A question I see a lot is in regards to tuning up auger bits, and getting them to cut well. A lot of old bits seem to give folks trouble, even though they appear to be sharp. If you have a bit the just won’t cut well, or won’t cut at all, here are a couple of things to check.An auger bit self feeds via the lead screw at its tip. There are coarse pitched lead screws for soft woods and fine pitched lead screws for hard woods. If the bit is properly sharpened and this lead screw is functioning properly (and isn’t too coarsely or finely threaded for the wood being bored), the bit should require no downward pressure at all to progress through the cut once the lead screw is engaged. In fact, putting more downward pressure on the brace will not make the bit cut any faster (this is a mistake we see a lot at the Hand Tool Olympics booth at Woodworking in America). Only turning the brace faster will make the bit cut faster. If the lead screw threads are damaged, it could cause the screw to clog with dust or chips and stop the screw from pulling the bit through. If the threads aren’t completely gone beyond repair, some light filing with a very small triangular saw file or a triangular needle file can smooth out any burrs in the threads and help the lead screw to self feed once again. So this should be the first thing to check if you have a bit that won’t pull itself through the wood. The next thing I recommend checking are the cutting spurs. These rounded spurs serve to score the outer perimeter of the hole before the cutting lips make contact with the wood. They need to be very sharp in order to bore a clean hole, but more importantly, they need to be sharpened correctly. They should only be sharpened on their inside edges. Wiping the burr off the outside with a very fine stone or sandpaper is OK, but you should NEVER file the outside of the spurs. Filing the outside edge will change the diameter of the hole that the bit cuts, making it smaller than the flutes above. This will cause the bit to jam in the hole as soon as the bit gets past the cutting spurs. If you are really bearing down on the bit and it still won’t cut, the lead screw and spurs are most likely not the culprits. Sure, the bit may be sharp, but if you are putting considerable weight on the bit and it still isn’t cutting well, it is probably not sharpened correctly. The problem is almost definitely the angle of the cutting lips. Just like a hand plane, an auger bit needs enough clearance behind the cutting edge to allow the cutting lips to do their job. If there is not sufficient clearance behind the cutting edge, the bit cannot cut correctly, no matter how much pressure is applied. On these old auger bits, improperly filing the cutting lips is probably the #1 reason that a bit doesn’t cut well.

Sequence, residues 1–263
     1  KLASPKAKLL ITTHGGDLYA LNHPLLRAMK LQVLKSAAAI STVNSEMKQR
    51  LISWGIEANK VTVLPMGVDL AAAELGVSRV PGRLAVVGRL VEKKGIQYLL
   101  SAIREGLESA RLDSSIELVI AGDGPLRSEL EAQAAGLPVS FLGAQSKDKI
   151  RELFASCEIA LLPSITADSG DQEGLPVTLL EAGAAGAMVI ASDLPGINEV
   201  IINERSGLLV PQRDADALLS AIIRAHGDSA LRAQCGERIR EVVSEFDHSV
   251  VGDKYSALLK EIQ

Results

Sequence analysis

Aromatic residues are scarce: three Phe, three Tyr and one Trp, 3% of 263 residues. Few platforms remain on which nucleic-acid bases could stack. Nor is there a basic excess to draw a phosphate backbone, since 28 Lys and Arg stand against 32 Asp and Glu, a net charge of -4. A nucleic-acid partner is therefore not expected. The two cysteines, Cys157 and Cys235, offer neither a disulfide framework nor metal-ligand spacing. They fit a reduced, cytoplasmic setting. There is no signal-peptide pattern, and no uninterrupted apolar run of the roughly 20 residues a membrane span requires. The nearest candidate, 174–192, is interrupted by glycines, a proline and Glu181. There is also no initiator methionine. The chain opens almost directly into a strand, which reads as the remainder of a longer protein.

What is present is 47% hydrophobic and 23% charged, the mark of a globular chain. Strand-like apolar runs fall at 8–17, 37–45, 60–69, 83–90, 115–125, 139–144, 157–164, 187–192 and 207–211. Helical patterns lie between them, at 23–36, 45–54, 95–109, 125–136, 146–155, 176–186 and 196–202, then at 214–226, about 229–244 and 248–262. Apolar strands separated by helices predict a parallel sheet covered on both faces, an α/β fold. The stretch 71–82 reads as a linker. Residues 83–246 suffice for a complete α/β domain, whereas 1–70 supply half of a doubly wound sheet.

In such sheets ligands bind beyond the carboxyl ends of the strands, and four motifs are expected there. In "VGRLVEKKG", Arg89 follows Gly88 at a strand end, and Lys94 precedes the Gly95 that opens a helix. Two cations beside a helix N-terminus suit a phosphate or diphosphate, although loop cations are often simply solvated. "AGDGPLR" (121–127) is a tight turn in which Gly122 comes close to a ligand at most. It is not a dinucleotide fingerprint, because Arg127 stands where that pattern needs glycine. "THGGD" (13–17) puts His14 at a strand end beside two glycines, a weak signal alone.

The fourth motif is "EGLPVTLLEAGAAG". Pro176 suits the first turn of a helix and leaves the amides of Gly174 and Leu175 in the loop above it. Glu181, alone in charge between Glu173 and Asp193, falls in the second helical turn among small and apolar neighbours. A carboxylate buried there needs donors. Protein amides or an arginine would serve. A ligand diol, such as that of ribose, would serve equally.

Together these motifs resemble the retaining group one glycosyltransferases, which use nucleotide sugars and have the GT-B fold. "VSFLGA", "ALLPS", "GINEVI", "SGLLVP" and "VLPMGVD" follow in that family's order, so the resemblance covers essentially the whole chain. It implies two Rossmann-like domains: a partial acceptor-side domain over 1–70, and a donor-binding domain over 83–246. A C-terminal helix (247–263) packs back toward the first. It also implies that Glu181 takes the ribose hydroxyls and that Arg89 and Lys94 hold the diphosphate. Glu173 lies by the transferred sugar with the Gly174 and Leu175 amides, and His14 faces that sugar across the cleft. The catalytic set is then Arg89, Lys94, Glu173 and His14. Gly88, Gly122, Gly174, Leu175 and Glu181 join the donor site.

When sharpening the cutting lips, it is extremely important to file ONLY the upper edge of the lips, as viewed when using the bit. Filing the bottom edge of the cutting lips, as viewed when using the bit, more often than not, results in reducing the clearance angle of the cutting edge, preventing the bit from cutting. This can be seen as a small secondary bevel on the bottom edge of the cutting lip. Think of it in terms of turning. When turning on the lathe, you want to ride the bevel of the tool to help prevent the tool from catching. In an auger, if the bottom of the cutting lip is filed and the angle is accidentally changed, the bit will basically ride the bevel, instead of cutting. If this has happened to the bit, the only way to fix it is to file the bottom of the cutting lip properly, removing the secondary bevel completely and restoring the bottom of the cutting edge to its original angle.
Nine times out of ten, when someone asks me why their auger bit won’t cut, this is the problem. So if you are having problems with bits that won’t cut, check the bottom of the cutting lip carefully for a secondary bevel. I’d be willing to bet that it’s the problem with your bits as well.